Very nice. Talking of meals did you have a favourite budget meal back then?

SD: I used to have pie, chips and beans down at the Royal Standard for 57p. You can’t really get it anymore, that type of cuisine has been taken over. They sell it back to us at £25 at the Savoy. Real English cuisine has come back hasn’t it?

What was the worst thing about being skint and were there any upsides?

SD: I can’t see any upsides except for the fact that you might be a bit humble. The downside is you never have any money! You can’t afford to wear nice clothes, you can’t afford to go anywhere, you can’t afford decent holidays. Everyone went to India in the 80s, I couldn’t afford to go. You’re mired in a trough really.

Did you ever do anything you regret back then?

SD: Probably the crimes which got me into borstal.

What was the worst thing about borstal? What was that place like?

It was at the centre of the black and white riots in 81 and 40% of the borstal was West Indian and they had a lot of solidarity and looked after each other. Riots were going off outside and black and white tension was in the borstal and the screws encouraged the whites to stand up to the black guys. Ghost Town was number one. I watched the riots then the New Cross fire happened while we were in there and some of the black inmates lost family. It was a very, very volatile time. Part of me was thinking this was a good story and the other part was just trying to survive.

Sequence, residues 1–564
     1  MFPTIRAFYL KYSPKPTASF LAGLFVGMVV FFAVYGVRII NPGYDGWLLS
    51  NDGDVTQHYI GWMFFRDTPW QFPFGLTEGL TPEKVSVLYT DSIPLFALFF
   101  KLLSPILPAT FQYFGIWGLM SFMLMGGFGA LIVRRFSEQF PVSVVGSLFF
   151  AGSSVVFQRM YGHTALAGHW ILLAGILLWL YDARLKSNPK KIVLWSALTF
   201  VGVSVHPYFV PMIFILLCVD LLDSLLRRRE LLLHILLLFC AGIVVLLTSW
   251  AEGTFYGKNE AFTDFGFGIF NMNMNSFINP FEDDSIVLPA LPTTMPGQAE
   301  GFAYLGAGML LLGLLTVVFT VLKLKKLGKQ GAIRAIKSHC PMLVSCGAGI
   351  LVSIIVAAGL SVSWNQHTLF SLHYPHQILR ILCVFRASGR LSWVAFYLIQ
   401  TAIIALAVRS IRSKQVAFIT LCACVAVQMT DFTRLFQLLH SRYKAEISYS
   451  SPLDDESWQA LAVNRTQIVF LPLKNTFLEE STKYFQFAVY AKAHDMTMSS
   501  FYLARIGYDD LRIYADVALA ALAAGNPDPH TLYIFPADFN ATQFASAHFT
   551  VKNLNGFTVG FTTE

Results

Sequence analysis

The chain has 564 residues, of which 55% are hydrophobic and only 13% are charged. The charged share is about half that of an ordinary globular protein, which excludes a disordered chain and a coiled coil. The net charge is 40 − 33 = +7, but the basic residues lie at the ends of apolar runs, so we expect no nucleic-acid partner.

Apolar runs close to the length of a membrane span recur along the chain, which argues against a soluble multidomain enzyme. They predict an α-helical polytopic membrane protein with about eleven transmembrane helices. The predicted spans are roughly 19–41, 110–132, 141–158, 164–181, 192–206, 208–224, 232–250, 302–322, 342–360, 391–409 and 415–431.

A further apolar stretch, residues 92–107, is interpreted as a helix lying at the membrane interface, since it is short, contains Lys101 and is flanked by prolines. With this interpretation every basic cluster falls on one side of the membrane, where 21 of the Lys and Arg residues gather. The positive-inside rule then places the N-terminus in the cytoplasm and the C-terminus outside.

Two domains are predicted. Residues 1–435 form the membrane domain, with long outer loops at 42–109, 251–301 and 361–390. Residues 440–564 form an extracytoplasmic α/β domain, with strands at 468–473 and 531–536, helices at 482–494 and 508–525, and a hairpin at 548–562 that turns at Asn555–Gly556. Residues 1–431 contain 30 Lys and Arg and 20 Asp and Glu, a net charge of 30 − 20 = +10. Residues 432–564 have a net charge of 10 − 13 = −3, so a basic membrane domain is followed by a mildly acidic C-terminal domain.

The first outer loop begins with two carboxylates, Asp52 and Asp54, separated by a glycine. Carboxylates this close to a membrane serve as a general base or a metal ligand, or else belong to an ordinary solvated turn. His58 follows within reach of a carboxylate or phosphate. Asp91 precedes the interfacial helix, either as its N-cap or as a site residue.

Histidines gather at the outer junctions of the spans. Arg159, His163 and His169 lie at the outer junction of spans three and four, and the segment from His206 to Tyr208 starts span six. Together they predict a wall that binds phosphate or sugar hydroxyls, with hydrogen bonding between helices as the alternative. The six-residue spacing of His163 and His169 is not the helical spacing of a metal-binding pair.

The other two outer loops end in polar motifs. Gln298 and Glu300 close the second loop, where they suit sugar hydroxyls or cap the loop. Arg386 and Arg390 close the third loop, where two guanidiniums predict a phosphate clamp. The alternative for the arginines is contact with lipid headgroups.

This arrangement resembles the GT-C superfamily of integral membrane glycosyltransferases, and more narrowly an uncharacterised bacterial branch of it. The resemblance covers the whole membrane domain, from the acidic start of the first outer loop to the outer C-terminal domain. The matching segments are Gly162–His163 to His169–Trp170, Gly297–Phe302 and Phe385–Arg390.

What was your lowest point in borstal?

SD: Probably being beaten up, kicked and punched. Going round for people who would send me downstairs to fill up their orange bottles. You know I did it all. I didn’t have to go through any sexual submission but I certainly was humiliated. I’ve had various acts of violence done to me and I did various acts to other people in self defence. It wasn’t a good time really.

Did you have any ambitions of being a comedian?

SD: I was always funny. I was in a band when I was 16 we supported Scream then that all fell apart. I had vague ideas. Then I went inside. It wasn’t until I was 29 I actually got on with it you know?

How did you get your break then?

SD: My mate had a shop and Vic Reeves and Bob Mortimer used to write above it. My friend said why don’t you write some stand up comedy and I did. They were judging it and I won and I toured with them. I met James Brown.

He told me you had a few good times together...

Yeah. We did have a laugh. There’s a video of us all together on the Saddleworth Tour.

He told me about that. What was the highlight of touring with Vic and Bob?

SD: It was all brilliant. Having spent years doing nothing and spending time on the dole thinking I was never going to get out of this. Suddenly I was on tour getting paid and it was just all brilliant. That was probably the best time. There was no downside.

What’s one piece of advice you can give you people ambitions of being successful can you pass on?

SD: Focus on what you want to do. If you’re good at it and if you enjoy doing it, don’t listen to anybody else. Don’t worry about peer pressure and get on with it. Doesn’t matter what you want to do. You could be 50 or 5 years old, just have ago. Creativity, it’s the key to the soul. That’s what Martin Sheen said once on Parkinson.

Simon Day's autobiography, Comedy and Error, is available now. Click here to buy a copy...

Follow Simon on Twitter @simonday24